At Jinx we praise boldly those defenders of liberty and justice who put their lives on the line for our freedoms. So now let us honor Stubby, the single most decorated dog in United States military history, and an American Pit Bull Terrier. This heroic animal, a member of a breed that is today despised by an ignorant population, was given the rank of Sergeant for his bravery and loyalty during his many battles against the Germans in World War I.
This proud beast was adopted by a young army Private who was training at Yale University in 1917. Stubby stayed at the camp long enough to learn the basics of army life: he knew the bugle calls and marching routines and even learned how to do a special doggy salute, lifting his paw to his eyebrow at the appropriate moment.
When it was time for the camp to move out to Europe, Stubby stowed away on the naval transport ship that carried his master to the front lines. Soon he was in France with the 102nd infantry, having been given special orders from the commander that made him a member and special mascot of the division.
But life in the trenches was not easy for Stubby. It was freezing cold and wet when they arrived in the winter, and the soldiers had to face daily sniper fire. The water and mud made for unhealthy living conditions, and Stubby had to work overtime to keep up his troops' morale. But soon he would have even greater responsibilities.
Not long after his arrival on the front, the Krauts launched a vicious gas attack on the American soldiers. The gas was extremely deadly: it burned skin and eyes and blistered the lungs. Severe injuries, including blindness, loss of limbs, and mortality, ensued. Even Stubby was not immune to its effects, and he had to be taken to the nearest field hospital to recover.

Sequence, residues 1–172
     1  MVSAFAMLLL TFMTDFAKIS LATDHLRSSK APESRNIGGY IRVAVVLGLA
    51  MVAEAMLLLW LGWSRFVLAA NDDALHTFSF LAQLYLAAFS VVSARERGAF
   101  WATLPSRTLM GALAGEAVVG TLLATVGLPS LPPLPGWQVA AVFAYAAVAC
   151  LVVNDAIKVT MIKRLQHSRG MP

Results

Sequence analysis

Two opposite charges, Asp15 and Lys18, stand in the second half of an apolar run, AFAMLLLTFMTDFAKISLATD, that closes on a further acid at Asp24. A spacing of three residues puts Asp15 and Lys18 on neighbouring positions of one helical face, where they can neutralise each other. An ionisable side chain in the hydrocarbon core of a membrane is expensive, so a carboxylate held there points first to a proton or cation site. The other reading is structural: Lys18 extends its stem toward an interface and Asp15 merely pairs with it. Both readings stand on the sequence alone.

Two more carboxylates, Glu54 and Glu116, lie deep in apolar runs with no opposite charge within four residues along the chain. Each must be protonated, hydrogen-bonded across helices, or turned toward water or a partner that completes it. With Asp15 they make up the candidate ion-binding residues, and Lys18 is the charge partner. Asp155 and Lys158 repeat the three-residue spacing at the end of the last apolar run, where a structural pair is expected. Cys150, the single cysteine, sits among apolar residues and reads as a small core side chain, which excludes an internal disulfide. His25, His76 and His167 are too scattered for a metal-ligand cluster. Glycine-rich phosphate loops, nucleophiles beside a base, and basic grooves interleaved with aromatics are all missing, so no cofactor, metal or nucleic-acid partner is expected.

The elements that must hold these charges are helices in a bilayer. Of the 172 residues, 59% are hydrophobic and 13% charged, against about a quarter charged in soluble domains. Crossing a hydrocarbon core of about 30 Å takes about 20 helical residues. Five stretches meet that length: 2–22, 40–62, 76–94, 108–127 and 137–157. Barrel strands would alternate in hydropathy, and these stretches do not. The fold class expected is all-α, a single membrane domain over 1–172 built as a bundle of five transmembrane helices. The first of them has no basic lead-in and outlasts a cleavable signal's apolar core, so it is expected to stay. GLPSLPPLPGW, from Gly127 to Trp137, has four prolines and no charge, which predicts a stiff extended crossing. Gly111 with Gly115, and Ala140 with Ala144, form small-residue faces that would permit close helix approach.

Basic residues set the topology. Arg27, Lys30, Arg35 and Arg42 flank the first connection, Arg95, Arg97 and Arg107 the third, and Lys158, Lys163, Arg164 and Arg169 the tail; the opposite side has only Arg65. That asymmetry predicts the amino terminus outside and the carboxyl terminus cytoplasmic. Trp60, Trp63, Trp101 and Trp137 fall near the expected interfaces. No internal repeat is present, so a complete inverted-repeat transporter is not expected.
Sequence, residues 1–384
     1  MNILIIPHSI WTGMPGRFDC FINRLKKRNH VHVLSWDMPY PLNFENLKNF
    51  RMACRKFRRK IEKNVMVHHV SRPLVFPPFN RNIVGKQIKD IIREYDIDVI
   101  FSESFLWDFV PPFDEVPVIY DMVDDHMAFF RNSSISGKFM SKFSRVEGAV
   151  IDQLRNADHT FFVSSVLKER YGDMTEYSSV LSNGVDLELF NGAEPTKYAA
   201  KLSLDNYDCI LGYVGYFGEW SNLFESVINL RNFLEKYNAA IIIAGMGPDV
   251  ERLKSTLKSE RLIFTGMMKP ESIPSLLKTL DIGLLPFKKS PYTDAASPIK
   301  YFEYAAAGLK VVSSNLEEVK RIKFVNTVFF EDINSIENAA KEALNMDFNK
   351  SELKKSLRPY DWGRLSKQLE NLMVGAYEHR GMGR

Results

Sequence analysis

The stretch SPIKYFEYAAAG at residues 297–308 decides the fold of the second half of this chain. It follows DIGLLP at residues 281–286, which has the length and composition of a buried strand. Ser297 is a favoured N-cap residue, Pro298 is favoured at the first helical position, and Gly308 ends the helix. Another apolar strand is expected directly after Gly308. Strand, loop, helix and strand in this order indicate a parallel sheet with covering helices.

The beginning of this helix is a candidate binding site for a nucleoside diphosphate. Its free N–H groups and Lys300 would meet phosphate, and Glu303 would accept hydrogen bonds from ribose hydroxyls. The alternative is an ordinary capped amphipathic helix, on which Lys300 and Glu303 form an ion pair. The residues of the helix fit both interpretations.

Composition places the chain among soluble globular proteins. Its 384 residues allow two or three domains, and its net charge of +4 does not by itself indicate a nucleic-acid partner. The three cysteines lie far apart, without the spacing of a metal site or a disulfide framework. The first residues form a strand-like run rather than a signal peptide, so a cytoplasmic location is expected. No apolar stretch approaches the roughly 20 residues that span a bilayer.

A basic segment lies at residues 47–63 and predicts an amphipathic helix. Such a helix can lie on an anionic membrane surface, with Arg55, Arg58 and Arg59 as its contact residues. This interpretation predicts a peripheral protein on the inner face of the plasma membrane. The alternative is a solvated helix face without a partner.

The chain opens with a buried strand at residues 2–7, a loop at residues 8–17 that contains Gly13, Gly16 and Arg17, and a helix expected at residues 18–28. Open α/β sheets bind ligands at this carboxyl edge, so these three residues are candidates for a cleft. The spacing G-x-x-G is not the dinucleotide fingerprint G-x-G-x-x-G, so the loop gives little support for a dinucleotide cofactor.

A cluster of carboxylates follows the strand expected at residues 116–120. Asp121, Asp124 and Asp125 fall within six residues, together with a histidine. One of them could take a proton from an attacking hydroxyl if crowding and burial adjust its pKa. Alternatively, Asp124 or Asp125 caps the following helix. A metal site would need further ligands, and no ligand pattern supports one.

Luckily, Stubby now knew the dangers of German gas and was hypersensitive to its presence. A few weeks later, the Jerrys launched another attack while the men were sleeping. Stubby immediately sensed the presence of the deadly toxins and began to alert his companions, loudly barking and running through the trench, stopping only to pull at his fellow soldiers uniforms in an attempt to rouse them from their slumber. Due to the valor of Stubby, the men were saved.
When it became obvious that Stubby had an extraordinary aptitude for military life, the division's top brass didn't hesitate to heap more responsibilities on Stubby's willing shoulders. He began to work at locating wounded men in the area between the German and Allied trenches, known as the no-man's land. By finding the injured men and barking out their location, he allowed medics to find and rescue them. One day in no-man's land, Stubby encountered a German spy gathering intelligence on the American trenches. His doggy heart filling with righteous fury, Stubby began to bark at the barbarous Hun. The spy began to run away, but Stubby was not about to let him get off so easy. He chased the spy, biting his legs until he fell. Then Stubby delivered the ultimate insult: a well-placed chomp to the Kraut's backside, holding him in place until Allied soldiers arrived to deposit him in a POW camp. By now, Stubby's commanders realized what they had to do - they awarded him the rank of Sergeant, making him the first pit bull to be given rank in the armed forces.
Sergeant Stubby continued to battle the Germans until the end of the war in 1918, surviving near death after a grenade exploded near him during one attack. After the war, Sgt. Stubby met President Wilson and gave him his patented doggy salute. Wilson was delighted.
In the years that followed, Stubby received a gold medal from General Pershing, joined the American Legion, and met with Presidents Harding and Coolidge. It seems unfair that now, 80 plus years after Sgt. Stubby's heroism, a gutless populace and fear-baiting media has turned on the Sergeant's noble descendents, his fellow American Pit Bull Terriers. As members of the Jinx Project, we must do our utmost to rehabilitate the reputation of this proud creature, who only want to love and serve their masters with all their hearts.